enabling identification of funded programs for coordination, 
collaboration and review. The second database is part of the annual 
Research Planning and Investment Coordination (RPIC) process, which 
captures research at the budget request level, allowing for 
departmentwide transparency and coordination of proposed programs and 
projects. According to a RITA official, eventual combination of the two 
databases will offer a mechanism for measuring and tracking investments 
from request through funding and execution. 

Communicating evaluation efforts. To communicate its efforts in 
evaluating DOT's research to Congress, senior DOT officials, and the 
transportation community, RITA and its predecessor organization 
published a summary of all research program evaluations for 2004 
through 2006 and included that summary in a high-level DOT planning 
document and in a report to Congress. First, RITA's predecessor 
published what was essentially a summary of all research program 
evaluations conducted in fiscal year 2004--in the form of a summary of 
the results of its review of the operating administrations' application 
of the Office of Management and Budget's Research and Development 
Investment Criteria--in its 2005 annual RD&T plan. Secondly, RITA 
developed a summary of the results of its fiscal year 2005 and 2006 
research program reviews, and a schedule of RITA's planned fiscal year 
2007 reviews, and included it in DOT's "Research, Development and 
Technology Annual Funding Fiscal Years 2006-2008, A Report to 
Congress." This report also includes summaries of research program 
evaluations conducted by modal research advisory committees, the 
Transportation Research Board, and key modal stakeholders in fiscal 
years 2006 and 2007. According to RITA officials, as a result of this 
reporting, RITA has provided better continuity and context to Congress 
and the transportation community about the results of its research 
evaluations. 

Documenting processes. RITA has also acted to document its process for 
systematically evaluating the results of its own multimodal research 
programs, such as the Hydrogen Safety Program and various grant 
programs. RITA evaluates the results of its RD&T activities by ensuring 
they align with DOT goals, meet the research and development investment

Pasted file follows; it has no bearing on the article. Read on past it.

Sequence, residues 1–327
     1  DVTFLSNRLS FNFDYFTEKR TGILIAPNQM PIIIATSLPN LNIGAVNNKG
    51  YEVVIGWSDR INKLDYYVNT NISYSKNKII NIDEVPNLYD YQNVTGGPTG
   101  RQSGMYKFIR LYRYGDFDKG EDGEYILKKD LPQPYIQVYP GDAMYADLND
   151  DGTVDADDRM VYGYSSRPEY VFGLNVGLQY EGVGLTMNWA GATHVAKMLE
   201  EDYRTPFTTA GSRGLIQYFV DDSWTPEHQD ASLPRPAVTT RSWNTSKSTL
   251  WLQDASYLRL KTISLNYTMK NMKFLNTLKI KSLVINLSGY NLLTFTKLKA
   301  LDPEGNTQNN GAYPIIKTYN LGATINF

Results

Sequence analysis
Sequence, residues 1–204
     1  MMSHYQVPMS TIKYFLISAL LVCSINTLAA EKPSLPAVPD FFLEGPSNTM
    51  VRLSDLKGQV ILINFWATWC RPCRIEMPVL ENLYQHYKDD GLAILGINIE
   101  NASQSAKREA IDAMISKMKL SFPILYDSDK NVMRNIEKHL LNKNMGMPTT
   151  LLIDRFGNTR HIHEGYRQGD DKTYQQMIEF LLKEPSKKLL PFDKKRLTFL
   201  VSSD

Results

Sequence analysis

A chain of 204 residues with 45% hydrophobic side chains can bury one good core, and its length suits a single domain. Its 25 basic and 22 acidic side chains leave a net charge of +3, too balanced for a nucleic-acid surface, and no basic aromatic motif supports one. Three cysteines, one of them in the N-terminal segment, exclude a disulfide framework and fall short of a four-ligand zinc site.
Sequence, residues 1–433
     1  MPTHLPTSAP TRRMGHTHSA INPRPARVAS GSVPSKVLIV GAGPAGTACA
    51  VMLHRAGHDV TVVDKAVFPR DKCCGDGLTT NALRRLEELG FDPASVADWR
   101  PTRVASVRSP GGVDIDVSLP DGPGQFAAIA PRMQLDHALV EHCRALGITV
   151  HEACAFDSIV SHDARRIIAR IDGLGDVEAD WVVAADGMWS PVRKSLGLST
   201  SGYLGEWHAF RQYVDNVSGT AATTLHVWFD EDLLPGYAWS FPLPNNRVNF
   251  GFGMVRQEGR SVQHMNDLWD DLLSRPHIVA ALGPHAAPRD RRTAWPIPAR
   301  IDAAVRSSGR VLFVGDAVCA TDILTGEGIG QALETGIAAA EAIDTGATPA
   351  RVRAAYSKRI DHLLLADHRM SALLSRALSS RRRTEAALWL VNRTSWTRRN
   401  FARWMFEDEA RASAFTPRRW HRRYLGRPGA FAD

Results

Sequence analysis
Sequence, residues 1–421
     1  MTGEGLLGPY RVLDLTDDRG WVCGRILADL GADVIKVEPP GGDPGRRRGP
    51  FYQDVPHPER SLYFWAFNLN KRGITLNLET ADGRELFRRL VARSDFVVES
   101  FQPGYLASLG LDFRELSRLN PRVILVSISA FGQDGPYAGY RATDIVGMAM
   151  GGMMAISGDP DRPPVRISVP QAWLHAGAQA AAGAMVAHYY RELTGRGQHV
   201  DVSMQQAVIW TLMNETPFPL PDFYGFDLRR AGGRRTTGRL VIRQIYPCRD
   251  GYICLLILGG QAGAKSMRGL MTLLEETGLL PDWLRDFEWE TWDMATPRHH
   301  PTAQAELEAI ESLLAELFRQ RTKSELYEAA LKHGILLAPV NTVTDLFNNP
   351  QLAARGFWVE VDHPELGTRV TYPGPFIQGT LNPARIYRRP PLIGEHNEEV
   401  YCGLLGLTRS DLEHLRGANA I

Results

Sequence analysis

criteria, and are subject to an annual peer review process. RITA has 
documented this process in its strategic plan. 

RITA Has Not Yet Developed an Overall Implementing Strategy, Evaluation 
Plan, or Performance Measures: 

Establishing performance goals. In 2006, we found that RITA lacked 
performance goals and an implementing strategy and evaluation plan to 
delineate how the activities and results of its coordination, 
facilitation, and review practices will further DOT's mission and 
ensure the effectiveness of the department's RD&T investment. RITA has 
partially implemented our recommendation that it develop these 
elements. Setting meaningful goals for performance, and using 
performance information to measure performance against those goals, is 
consistent with requirements in GPRA. Developing an evaluation plan and 
analyzing performance information against set goals for its own 
coordination, facilitation, and review practices could assist RITA in 
identifying any problem areas and taking corrective actions.[Footnote 
6] Linking performance goals with the planning and budget process, such 
as DOT's annual budget process, can also help RITA determine where to 
target its resources to improve performance.[Footnote 7] Guidance 
provided by the Committee on Science, Engineering, and Public Policy 
notes that evaluating the performance of research in the context of the 
strategic planning process ensures the research is relevant to the 
agency's mission.[Footnote 8] Without such goals and an evaluation 
plan, it is difficult for RITA to determine its success in overseeing 
the effectiveness of DOT's RD&T activities. 

According to RITA officials, while an overall implementing strategy and 
evaluation plan has not yet been established, RITA has created 
performance goals. A RITA official told us that the RPIC process--a 
relatively new process that integrates the budget and strategic 
planning processes--will help in creating an implementing strategy. The 
RPIC process is meant to provide information to the Planning Council 
and Planning Team, which is responsible for defining the department's 
overall RD&T strategic objectives. The RPIC process assesses the 
department's RD&T activities in terms of the following performance 
goals: (1) balanced portfolio (e.g., mix of basic, applied, 
developmental, and high risk RD&T), (2) alignment of RD&T programs with 
DOT goals and each operating administration's mission, and (3) return 
on investment. The RPIC process has been in place only for fiscal year 
2009, and as a result, the Planning Council does not yet have the 
information needed to make decisions about a strategy. In addition, 
RITA does not yet have an evaluation plan to monitor and evaluate 
whether it is achieving its goals. A RITA official told us that the 
RPIC process needs to be in place for 2 or 3 fiscal years before it can 
provide enough information for RITA to establish a strategy or 
evaluation plan. 

Developing performance measures. In 2006, we also found that RITA did 
not work with the operating administrations to develop common 
performance measures for DOT's RD&T activities. According to RITA 
officials, RITA has partially implemented our recommendation that it do 
so. Without common performance measures for the RD&T activities of the 
operating administrations, RITA and the operating administrations lack 
the means to monitor and evaluate the collective results of those 
activities and determine that they are achieving their intended (or 
other) results and furthering DOT-wide priorities. In response to our 
recommendation, RITA officials told us that they are working with the 
operating administrations through the RD&T Planning Team--made up of 
senior officials in RITA and each of the operating administrations. 
During Planning Team meetings, representatives from each of the